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  • Notes toward a Manifesto2002
  • Charles L. Mee

If Aristotle was rightthat human beings are social animalsthat we create ourselves in our relationships to others,and if theatre [End Page 88]

is the art form that deals above all others in human relationships,then theatre is the art form, par excellence,in which we discover what it is to be humanand what it is possible for humans to be.

Whatever else it may do,a play embodies a playwright's belief about how it is to be alive today,and what it is to be a human being—so that what a play is about,what people say and how things look onstage, [End Page 89]

and, even more deeply than that,how a play is structured,contain a vision of what it is to have a life on earth.

If things happen suddenly and inexplicably,it's because a playwright believes that's how life is.If things unfold gradually and logically, that's an idea about how the world works.If characters are motivated by psychological impulses that were planted early in acharacter's life in her childhood home, [End Page 90]

it's because a playwright believesthat's what causes people to do the things they do the way they do them.Or,if a character is motivated by other things, in addition,or even primarily motivated by other things—by the cumulative impact of culture and history,by politics and economics,by gender and genetics and rational thought and whim,informed by books and by the National Enquirer,given to responses that are tragic and hilarious, [End Page 91]

conscious and unconscious, ignorant and informed at the same time—it's because the playwright believesthis complex of things is what makes human history happen.Most of the plays I grew up seeing didn't feel like my life.They were such well-made things,so nicely crafted, so perfectly functioning in their plots and actions and endings,so clear and clearly understood,so rational in their structures,in their psychological explanations of the causes of things. [End Page 92]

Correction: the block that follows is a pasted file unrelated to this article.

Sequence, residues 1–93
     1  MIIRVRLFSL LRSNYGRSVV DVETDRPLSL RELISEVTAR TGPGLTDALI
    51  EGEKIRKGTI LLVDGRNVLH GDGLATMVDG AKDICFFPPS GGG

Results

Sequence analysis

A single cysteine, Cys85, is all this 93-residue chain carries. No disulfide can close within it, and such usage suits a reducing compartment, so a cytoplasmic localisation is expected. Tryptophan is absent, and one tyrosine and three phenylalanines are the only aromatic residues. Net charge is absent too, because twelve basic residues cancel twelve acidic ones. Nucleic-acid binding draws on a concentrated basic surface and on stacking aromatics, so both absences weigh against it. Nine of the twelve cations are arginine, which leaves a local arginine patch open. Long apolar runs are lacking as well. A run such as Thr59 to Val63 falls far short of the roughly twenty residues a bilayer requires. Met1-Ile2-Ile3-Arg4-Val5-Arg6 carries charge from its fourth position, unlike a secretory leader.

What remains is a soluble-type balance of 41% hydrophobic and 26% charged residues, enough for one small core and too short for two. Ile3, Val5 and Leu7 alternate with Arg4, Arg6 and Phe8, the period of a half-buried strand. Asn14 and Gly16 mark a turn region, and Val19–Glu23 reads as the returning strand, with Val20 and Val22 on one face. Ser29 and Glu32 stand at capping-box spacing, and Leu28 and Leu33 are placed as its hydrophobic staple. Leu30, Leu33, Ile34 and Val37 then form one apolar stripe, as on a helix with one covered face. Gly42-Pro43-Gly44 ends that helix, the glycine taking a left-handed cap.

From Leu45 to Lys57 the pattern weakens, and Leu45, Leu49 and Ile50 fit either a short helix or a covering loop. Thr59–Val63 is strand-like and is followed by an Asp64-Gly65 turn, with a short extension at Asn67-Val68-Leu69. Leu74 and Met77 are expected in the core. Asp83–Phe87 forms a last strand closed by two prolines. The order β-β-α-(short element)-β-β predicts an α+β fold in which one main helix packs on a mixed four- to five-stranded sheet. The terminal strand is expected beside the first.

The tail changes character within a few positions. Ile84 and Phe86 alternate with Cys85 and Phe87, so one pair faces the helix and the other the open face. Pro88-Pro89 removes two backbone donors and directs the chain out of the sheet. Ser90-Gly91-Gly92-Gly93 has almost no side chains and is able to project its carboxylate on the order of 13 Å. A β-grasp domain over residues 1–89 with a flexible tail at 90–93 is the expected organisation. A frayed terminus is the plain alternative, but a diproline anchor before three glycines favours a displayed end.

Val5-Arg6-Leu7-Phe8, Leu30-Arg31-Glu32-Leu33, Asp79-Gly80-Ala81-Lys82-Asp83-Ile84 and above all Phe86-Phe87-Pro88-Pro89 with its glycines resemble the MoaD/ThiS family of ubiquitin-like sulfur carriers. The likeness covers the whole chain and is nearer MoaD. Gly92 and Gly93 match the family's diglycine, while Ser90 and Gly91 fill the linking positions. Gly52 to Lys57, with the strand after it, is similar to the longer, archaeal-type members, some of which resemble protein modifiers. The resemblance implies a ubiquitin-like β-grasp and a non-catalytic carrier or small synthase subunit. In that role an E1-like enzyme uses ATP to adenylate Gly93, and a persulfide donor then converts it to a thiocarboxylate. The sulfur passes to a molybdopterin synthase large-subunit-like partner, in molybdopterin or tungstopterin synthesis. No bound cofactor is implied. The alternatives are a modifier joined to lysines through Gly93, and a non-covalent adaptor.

And my life hadn't been like that.When I had polio as a boy, my life changed in an instant and forever.My life was not shaped by Freudian psychology;it was shaped by a virus.And it was no longer well made.It seemed far more complex a project than any of the plays I was seeing.

And so,in my own work,I've stepped somewhat outside [End Page 93]

the traditions of American theatre in which I grew upto find a kind of dramaturgy that feels like my life.And I've been inspired a lot by the Greeks.I love the Greeksbecause their plays so often begin with matricide and fratricide,with a man murdering his nephews and serving the boys to their father for  dinner. That is to say, the Greeks take no easy problems,no little misunderstanding that is going to be resolvedbefore the final commercial break at the top of the hour, [End Page 94]

no tragedy that will be resolved with good will,acceptance of a childhood hurt,and a little bit of healing.They take deep anguish and hatred and disabilityand rage and homicidal mania and confusion and aspirationand a longing for the purest beautyand they say:here is not an easy problem;take all this and make a civilization of it. [End Page 95]

And the forms in which they cast their theatre were not simple.Unlike Western theatre since Ibsen,which has been essentially a theatre of staged texts,the Greeks employed spectacle,music, and dance or physical movement,into which text was placed as one of the elements of theatre.The complexity and richness of form reflected a complexity and richness of understandingof human character and human history. [End Page 96]

The Greeks and Shakespeare and Brechtunderstood human characterwithin a rich context of history and culture.

This is my model.

In 1906/07,Picasso stumbled upon cubism as a possible form.Immediately, he made three pencil sketchesof a...

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Additional Information

ISSN
1531-4715
Print ISSN
1054-2043
Pages
pp. 83-104
Launched on MUSE
2002-08-01
Open Access
No
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